China’s growth for 2018 has been set at “around 6.5%”, down from last year — the first time in seven years the pace of growth had picked up.

The figure was announced at the opening session of the annual National People’s Congress — China’s rubber stamp-parliament — by premier Li Keqiang and is in line with the country’s existing expansion goals.

Actual growth in 2017 exceeded the official target, reaching 6.9%.

Meanwhile, the country cut its budget deficit target for the first time since 2012, down to 2.6% of gross domestic product from 3% in the past two years.

Li said that China’s economics and financial risks were “on the whole manageable”.

A report circulated to delegates and reporters said:

In the process of soliciting opinions and conducting grassroots investigation and research, many regions, sectors and numerous party cadres unanimously appealed for amending the constitution.

Statistic: China: growth rate of real gross domestic product (GDP) from 2010 to 2022 | Statista
However, Li also announced that China will increasingly clampdown on financially risky operations which have threatened some major companies in the country.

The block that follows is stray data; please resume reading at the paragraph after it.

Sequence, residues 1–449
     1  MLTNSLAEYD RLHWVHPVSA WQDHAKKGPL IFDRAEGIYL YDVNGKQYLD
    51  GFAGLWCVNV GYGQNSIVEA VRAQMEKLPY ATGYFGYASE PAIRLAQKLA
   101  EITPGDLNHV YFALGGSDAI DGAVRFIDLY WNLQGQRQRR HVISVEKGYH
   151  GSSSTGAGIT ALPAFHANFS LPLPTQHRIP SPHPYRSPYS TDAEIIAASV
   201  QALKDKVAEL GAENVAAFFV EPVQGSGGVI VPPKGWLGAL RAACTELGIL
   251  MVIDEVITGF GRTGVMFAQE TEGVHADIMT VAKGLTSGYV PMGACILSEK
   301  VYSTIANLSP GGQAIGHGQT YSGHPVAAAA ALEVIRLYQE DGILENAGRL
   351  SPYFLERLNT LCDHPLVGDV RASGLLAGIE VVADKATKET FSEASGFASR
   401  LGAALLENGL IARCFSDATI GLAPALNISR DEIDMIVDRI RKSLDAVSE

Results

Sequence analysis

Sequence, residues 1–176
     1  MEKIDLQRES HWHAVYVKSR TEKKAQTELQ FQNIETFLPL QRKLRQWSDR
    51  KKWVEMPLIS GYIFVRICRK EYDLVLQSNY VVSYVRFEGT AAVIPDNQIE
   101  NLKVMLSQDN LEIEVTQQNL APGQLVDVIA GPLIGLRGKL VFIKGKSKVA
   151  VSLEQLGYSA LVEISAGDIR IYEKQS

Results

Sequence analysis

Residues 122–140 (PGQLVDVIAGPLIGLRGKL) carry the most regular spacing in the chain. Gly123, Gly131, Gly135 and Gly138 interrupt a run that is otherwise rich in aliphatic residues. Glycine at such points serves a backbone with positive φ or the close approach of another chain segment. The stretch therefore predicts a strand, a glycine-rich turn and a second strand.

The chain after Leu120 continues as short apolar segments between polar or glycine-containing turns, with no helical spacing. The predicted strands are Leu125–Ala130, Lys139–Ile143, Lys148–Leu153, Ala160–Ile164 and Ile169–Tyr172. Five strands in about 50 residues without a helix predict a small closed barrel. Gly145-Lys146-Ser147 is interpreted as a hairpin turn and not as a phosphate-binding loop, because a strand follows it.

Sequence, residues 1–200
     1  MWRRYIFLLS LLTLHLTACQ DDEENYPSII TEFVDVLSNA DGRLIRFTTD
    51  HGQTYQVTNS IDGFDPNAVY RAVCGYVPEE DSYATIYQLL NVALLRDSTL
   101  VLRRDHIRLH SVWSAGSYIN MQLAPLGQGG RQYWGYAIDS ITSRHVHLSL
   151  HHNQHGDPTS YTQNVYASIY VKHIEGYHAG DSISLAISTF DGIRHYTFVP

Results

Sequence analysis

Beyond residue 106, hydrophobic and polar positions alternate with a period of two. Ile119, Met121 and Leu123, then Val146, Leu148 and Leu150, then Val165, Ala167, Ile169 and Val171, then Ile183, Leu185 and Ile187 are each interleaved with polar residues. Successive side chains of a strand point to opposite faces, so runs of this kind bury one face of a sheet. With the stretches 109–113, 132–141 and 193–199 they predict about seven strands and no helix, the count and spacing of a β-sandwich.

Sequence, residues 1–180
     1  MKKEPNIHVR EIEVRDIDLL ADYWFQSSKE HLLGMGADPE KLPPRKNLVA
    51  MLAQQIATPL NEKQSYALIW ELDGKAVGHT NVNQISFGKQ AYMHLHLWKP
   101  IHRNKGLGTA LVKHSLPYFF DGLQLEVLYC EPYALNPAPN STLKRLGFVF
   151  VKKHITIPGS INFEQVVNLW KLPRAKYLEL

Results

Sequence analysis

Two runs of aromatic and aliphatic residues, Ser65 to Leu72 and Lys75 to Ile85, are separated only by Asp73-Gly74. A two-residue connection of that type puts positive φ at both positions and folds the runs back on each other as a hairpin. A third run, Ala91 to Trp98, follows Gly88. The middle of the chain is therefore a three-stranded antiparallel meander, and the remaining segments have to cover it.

Last month Beijing took control of insurance and financial giant Anbang.

The decision to take control of the company for one year was taken with immediate effect to protect the interests of consumers and stakeholders of the private insurers, according to China’s state regulator.

The International Monetary Fund has reported the country’s debt has ballooned in recent years and is now equivalent to 234% of the total output.

In October last year Xi declared a “new era” in which achieving high-quality growth, reducing pollution, and controlling financial risk would take precedence over numerical growth targets.

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It’s expected that the National People’s Congress will ratify the proposal to scrap the 10-year presidential term limit at its annual session that opened today.

This meeting is the first annual meeting of the National People’s Congress’ new five-year term.

Lawmakers are expected to begin incorporating president Xi Jinping’s thoughts into the constitution and remove the limit on him continuing in the top job beyond 2023.

The US is watching out for the new Chinese defence budget. Last year China raised its annual military spending to $151 billion – still only a fraction of US spending.

But with US president Donald Trump planning to arm the US military with a $686bn (€557bn) budget, Beijing could follow suit.